Author(s): Ricks PM, Cain KP, Oeltmann JE, Kammerer JS, Moonan PK
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Abstract BACKGROUND: The true burden of reactivation of remote latent tuberculosis infection (reactivation TB) among foreign-born persons with tuberculosis (TB) within the United States is not known. Our study objectives were to estimate the proportion of foreign-born persons with TB due reactivation TB and to describe characteristics of foreign-born persons with reactivation TB. METHODS: We conducted a cross-sectional study of patients with an M. tuberculosis isolate genotyped by the U.S. National TB Genotyping Service, 2005-2009. TB cases were attributed to reactivation TB if they were not a member of a localized cluster of cases. Localized clusters were determined by a spatial scan statistic of cases with isolates with matching TB genotype results. Crude odds ratios and 95\% confidence intervals were used to assess relations between reactivation TB and select factors among foreign-born persons. MAIN RESULTS: Among the 36,860 cases with genotyping and surveillance data reported, 22,151 (60\%) were foreign-born. Among foreign-born persons with TB, 18,540 (83.7\%) were attributed to reactivation TB. Reactivation TB among foreign-born persons was associated with increasing age at arrival, incidence of TB in the country of origin, and decreased time in the U.S. at the time of TB diagnosis. CONCLUSIONS: Four out of five TB cases among foreign-born persons can be attributed to reactivation TB and present the largest challenge to TB elimination in the U.S. TB control strategies among foreign-born persons should focus on finding and treating latent tuberculosis infection prior to or shortly after arrival to the United States and on reducing the burden of LTBI through improvements in global TB control.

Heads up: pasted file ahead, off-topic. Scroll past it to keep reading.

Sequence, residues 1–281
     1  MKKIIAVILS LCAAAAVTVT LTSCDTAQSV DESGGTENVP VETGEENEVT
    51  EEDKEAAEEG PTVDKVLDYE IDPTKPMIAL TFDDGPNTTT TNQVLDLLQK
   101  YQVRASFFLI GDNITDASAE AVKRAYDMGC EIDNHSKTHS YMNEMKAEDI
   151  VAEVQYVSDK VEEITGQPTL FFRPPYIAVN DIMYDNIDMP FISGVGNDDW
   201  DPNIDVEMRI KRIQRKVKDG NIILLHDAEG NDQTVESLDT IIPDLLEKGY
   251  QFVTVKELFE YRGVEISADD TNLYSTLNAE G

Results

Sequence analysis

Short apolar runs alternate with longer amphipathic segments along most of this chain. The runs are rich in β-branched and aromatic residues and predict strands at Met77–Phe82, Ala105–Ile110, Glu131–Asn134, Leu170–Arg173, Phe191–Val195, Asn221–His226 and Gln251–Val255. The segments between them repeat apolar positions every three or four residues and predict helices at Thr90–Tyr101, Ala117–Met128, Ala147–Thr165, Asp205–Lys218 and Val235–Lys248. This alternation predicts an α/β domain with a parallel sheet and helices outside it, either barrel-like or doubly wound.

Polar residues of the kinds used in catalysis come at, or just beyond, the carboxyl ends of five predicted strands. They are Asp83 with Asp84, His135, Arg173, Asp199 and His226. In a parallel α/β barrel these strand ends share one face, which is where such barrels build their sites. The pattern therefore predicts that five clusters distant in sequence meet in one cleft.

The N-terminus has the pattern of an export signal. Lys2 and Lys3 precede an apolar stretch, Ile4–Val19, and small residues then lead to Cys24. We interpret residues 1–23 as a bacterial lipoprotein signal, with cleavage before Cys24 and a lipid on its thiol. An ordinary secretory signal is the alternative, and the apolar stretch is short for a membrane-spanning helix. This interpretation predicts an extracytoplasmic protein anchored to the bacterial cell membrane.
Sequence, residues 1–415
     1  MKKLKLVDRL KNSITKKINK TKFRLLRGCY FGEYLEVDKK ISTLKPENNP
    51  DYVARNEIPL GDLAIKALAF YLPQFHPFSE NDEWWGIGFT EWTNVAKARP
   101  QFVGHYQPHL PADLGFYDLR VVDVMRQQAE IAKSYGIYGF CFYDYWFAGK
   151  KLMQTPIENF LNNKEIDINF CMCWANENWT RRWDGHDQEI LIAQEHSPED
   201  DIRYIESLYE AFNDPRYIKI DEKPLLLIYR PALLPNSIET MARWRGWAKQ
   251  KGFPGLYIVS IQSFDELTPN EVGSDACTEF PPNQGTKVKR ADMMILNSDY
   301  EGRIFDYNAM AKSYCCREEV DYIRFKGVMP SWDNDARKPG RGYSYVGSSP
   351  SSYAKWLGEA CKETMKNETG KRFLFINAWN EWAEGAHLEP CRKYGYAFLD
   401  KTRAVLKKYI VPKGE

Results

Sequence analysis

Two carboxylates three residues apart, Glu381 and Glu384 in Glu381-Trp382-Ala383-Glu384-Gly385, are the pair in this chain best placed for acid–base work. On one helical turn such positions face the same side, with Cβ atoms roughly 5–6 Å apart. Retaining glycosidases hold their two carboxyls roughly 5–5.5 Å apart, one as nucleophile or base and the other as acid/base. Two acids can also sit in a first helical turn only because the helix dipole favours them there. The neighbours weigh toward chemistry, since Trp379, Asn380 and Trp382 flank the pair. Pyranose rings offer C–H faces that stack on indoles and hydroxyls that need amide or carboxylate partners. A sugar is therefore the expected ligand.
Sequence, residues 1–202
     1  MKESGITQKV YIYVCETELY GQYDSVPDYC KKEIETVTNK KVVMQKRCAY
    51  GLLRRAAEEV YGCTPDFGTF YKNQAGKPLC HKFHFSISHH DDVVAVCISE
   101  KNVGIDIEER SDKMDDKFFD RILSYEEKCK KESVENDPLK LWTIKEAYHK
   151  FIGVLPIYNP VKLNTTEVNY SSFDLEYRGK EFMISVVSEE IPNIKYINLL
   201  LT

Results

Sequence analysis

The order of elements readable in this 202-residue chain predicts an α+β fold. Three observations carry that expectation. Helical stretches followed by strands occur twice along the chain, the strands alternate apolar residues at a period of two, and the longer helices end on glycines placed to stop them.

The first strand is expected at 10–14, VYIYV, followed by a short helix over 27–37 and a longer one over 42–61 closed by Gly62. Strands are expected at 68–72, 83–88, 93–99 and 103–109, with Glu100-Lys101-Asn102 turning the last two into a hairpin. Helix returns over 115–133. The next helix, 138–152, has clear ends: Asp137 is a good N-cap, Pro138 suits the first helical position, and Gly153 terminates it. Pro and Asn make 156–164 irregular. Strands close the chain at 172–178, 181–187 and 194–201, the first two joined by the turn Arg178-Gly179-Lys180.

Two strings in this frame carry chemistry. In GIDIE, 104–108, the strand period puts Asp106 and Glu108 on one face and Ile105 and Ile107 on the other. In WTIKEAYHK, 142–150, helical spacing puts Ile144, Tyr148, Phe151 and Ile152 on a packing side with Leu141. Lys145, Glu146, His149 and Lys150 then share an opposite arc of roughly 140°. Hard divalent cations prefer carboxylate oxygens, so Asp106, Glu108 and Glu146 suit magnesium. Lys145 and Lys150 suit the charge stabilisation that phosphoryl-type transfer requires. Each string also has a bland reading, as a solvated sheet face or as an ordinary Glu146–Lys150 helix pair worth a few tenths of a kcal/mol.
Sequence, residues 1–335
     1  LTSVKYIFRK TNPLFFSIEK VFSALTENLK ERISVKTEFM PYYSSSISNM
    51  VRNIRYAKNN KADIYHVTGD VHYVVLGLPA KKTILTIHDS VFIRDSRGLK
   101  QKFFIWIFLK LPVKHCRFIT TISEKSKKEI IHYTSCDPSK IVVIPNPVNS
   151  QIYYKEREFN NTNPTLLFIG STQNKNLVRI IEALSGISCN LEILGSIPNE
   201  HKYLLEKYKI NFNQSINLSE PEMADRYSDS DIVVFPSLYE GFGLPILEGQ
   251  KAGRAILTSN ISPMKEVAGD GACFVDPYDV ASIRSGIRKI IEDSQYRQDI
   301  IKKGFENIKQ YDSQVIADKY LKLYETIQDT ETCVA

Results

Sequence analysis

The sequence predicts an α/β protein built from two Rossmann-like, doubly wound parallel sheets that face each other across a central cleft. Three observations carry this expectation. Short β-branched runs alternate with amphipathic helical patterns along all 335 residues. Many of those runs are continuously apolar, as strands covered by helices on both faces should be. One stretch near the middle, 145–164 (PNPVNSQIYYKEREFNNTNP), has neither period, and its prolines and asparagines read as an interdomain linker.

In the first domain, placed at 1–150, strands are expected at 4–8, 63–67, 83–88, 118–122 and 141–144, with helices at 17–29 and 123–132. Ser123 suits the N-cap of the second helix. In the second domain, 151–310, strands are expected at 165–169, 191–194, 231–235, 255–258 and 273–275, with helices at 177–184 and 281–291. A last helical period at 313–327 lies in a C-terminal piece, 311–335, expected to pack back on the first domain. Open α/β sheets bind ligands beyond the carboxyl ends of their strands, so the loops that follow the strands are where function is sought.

This article was published in PLoS One
and referenced in Internal Medicine: Open Access